Secondly, within the established political parties, younger politicians are emerging and may soon be able to challenge the leadership. A special case in point is Gagan Thapa, a former health minister and Nepali Congress MP from Kathmandu whose star appears to be headed towards taking on the 76-year-old Deuba, even possibly for prime ministership this time. The Nepali Congress also has to find an appropriate high slot for Deuba’s spouse, Arzu Rana Deuba, who has emerged as a heavyweight political entity in her own right.

Thirdly, the visible downslide of the Maoists and the other splinters in the communist fold. Prachanda barely managed 30 seats as compared to 49 in 2017, and Madhav Nepal is likely limited to just 13 MPs, down from the 25 in his faction in 2017, and barely crossing the 3% of voter turnout threshold for securing PR seats. The talk now is of Madhav Nepal having little choice but to merge his party with Prachanda’s.

Fourthly, the pro-monarchy and Hindu Rashtra party, the Rastriya Prajatantra Party, had just one seat in the outgoing Parliament but will now be the fifth largest in the House. For many, this would indicate growing support for its cause, but the reality is also that it only bagged 6% of the proportional vote countrywide. Perhaps, the cap for its ideology. And, fifthly, disenchantment for the traditional leaders of specific causes such as the Madhes and Tharu issues.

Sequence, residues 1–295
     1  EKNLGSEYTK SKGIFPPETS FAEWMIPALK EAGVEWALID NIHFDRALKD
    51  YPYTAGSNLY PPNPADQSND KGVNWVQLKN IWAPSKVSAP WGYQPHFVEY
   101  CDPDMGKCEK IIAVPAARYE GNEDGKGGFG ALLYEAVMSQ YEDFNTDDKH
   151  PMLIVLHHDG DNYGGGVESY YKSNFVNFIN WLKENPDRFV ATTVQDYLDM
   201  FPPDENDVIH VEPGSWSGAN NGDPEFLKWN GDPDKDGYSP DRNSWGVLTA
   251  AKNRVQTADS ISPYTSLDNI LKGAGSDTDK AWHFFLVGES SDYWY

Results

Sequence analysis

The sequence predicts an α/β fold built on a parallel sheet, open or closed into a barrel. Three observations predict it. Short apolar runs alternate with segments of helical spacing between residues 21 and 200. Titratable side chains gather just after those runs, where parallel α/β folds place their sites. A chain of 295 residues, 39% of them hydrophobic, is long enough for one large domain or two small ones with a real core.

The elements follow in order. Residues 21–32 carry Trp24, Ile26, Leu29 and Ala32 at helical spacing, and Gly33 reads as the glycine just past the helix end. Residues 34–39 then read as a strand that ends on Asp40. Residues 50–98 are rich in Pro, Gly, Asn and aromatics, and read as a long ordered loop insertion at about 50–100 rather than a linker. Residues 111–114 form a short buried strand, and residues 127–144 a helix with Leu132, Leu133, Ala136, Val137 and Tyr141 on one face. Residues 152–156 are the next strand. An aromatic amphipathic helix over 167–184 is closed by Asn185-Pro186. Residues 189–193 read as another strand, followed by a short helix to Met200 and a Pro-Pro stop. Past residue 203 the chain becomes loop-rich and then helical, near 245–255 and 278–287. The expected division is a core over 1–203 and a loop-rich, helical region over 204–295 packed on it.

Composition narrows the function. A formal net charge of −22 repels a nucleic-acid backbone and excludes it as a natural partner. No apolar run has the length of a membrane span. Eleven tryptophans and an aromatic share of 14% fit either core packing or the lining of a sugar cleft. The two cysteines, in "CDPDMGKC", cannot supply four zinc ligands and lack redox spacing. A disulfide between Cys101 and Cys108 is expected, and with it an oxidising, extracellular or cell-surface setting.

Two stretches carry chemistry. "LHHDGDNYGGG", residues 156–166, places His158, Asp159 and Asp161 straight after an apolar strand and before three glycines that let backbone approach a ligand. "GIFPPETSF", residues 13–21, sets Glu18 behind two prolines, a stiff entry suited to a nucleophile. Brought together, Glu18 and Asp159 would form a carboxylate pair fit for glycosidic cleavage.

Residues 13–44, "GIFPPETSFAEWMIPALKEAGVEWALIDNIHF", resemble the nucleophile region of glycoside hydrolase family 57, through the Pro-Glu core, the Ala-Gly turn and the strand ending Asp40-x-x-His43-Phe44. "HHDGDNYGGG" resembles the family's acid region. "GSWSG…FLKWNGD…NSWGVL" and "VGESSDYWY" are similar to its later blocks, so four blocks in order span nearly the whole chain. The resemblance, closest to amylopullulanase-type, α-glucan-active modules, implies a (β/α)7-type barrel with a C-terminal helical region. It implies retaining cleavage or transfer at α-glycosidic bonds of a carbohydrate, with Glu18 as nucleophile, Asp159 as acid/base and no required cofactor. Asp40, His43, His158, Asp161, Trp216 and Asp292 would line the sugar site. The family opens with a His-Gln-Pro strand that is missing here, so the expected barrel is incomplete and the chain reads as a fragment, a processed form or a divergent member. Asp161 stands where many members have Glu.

Nepal’s politics is unpredictable, with no permanent friends or enemies. Coalition partnerships are possible in all combinations and are subject to the vagaries of immediate needs and allurements of all kinds, including from external forces.

Even as the election results unfold, there are reports of Oli reaching out to Prachanda, which he hadn’t done since their fallout in 2021. The coming together of the UML and the Maoists alone, however, will not reach the magic halfway mark even though the Chinese would be happy to encourage any such move if it coalesces the communist forces in Nepal.

While jockeying for key ministerial berths and the speaker’s post are the bargaining norm, the politics of the past few years has underscored the criticality of the role of the president. This makes the election of the president, due in a few months, of crucial importance, no matter the supposedly titular role of the post.

A Nepali Congress government is generally perceived as better for India-Nepal ties, given its democratic traditions and connections with Indian political leaders. Deuba has served as prime minister five times. His astrologer has apparently predicted he’ll be prime minister seven times. A sixth, therefore, appears on par! The Nepali Constitution inhibits a no-confidence vote for two years after a prime minister proves a majority. But a coalition with an ambitious leader like Prachanda has in-built fragility, and only time will tell how things unfold.

Manjeev Singh Puri is Former Indian Ambassador to Nepal

The article originally published in TheNewIndianExpress